- For each FK, what did you tell MySQL to in case of deletion or update (CASCADE, SET NULL, or RESTRICT)? Why did you select the option that you did for each FK?
Here I’m not necessarily looking for a right or wrong answer to this question, i.e. if you selected SET NULL but you should have selected CASCADE…that’s not the goal; rather I want to make sure you understand the differences between these options enough to justify your selection. Again it matters less which one you choose vs. that you explain your choice to me in a way that demonstrates comprehension.
Part 3) Entity Relationship Diagram
Now that you’ve created your database, imported your data, and designated your primary and foreign keys, you’ll need to create the official ERD to be able to communicate this table structure to all business users as well as send back to the PBM so that they have for reference.
- Create an ERD of your star schema fact and dimension tables using MySQL (you can use ERDPlus instead if you want).
- Be sure to label your PKs and FKs as we did in lab 2. (For Mac users, I know the red key does not appear for FKs and that is ok, I will know that is your designated FK in that table even without the red key)
- Also, be sure that your tables are labeled as either facts or dimensions. This is easy to do if your table name also reflects the type of table that it is per Part 1.
- To be true to the star schema format, the fact table should be placed in the middle of your diagram and all dimension tables should fan out from there as we saw in class
- Export your star schema as a single page PDF. Include your PDF in your final folder submission.
If your ERD is not fitting the page well on your PDF, along the top menu bar, first click on Model then Diagram Properties and Size. In the box that opens up make sure that it is set to one page like this:
Part 4) Analytics and Reporting
With your database set up and ERD drawn, you want to also provide the business users with some sample queries they will likely need to analyze the production data once it is sent from the PBM.
For now you develop the queries on the sample data even though you don’t really need them since it’s not very large, however in the future this will be expanded to several thousand per month so it’s good to plan ahead for the go-live date.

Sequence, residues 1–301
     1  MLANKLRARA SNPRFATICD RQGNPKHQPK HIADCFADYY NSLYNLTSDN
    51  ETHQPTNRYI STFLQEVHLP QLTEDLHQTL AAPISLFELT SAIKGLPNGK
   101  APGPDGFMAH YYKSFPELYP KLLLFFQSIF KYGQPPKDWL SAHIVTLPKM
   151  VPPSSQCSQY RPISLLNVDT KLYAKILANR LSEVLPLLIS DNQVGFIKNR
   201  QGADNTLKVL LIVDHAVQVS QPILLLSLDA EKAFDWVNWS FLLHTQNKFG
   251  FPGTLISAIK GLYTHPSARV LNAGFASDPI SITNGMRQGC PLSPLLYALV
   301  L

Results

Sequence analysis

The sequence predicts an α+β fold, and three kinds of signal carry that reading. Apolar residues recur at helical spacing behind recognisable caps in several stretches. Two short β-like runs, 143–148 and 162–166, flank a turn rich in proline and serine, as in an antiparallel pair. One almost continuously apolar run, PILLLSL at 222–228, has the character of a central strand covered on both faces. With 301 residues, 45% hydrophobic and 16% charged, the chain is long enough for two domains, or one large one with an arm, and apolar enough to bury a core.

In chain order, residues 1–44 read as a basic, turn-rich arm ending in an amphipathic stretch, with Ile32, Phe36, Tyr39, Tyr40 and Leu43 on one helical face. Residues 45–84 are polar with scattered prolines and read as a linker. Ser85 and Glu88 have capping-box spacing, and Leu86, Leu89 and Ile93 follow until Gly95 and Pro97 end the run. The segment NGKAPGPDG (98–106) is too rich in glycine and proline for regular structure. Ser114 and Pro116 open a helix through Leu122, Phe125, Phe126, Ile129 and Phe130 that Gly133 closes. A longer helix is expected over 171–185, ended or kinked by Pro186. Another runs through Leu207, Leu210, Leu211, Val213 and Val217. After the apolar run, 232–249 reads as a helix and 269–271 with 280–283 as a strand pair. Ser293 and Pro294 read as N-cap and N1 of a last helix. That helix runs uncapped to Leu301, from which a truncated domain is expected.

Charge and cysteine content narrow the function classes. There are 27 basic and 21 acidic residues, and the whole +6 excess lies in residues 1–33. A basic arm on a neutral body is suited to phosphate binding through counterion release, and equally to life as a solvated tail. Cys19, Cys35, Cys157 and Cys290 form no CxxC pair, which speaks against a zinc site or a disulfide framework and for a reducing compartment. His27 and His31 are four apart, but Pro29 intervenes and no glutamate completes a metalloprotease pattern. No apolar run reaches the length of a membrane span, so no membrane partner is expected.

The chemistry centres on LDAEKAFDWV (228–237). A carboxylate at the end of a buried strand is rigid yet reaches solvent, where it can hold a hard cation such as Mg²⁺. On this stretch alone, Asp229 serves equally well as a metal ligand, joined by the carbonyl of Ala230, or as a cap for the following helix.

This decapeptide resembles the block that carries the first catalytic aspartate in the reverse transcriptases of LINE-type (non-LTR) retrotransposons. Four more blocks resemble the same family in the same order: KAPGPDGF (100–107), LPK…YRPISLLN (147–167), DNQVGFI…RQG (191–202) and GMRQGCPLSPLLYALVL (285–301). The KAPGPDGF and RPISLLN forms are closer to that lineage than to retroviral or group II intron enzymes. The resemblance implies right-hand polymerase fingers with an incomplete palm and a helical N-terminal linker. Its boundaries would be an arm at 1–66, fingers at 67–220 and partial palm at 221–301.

- Write a SQL query that identifies the number of prescriptions grouped by drug name. Paste your output to this query in the space below here; your code should be included in your .sql file.
- Also answer this question: How many prescriptions were filled for the drug Ambien?
- Write a SQL query that counts total prescriptions, counts unique (i.e. distinct) members, sums copay $$, and sums insurance paid $$, for members grouped as either ‘age 65+’ or ’ < 65’. Use case statement logic to develop this query similar to lecture 3. Paste your output in the space below here; your code should be included in your .sql file.
- Also answer these questions: How many unique members are over 65 years of age?
- How many prescriptions did they fill?
- Write a SQL query that identifies the amount paid by the insurance for the most recent prescription fill date. Use the format that we learned with SQL Window functions. Your output should be a table with member_id, member_first_name, member_last_name, drug_name, fill_date (most recent), and most recent insurance paid. Paste your output in the space below here; your code should be included in your .sql file.
- Also answer these questions: For member ID 10003, what was the drug name listed on their most recent fill date?
- How much did their insurance pay for that medication?
Submit one MS Word Document and one SQL program file into the Final project drop box in week 5.
Make sure your name is in both of your filenames
Also, submit all CSV files you generated in excel as part of your submission
Also, submit your ERD as a PDF export from MySQL Workbench
All CSV Files you imported into MySQL Workbench submit those to the drop box as well.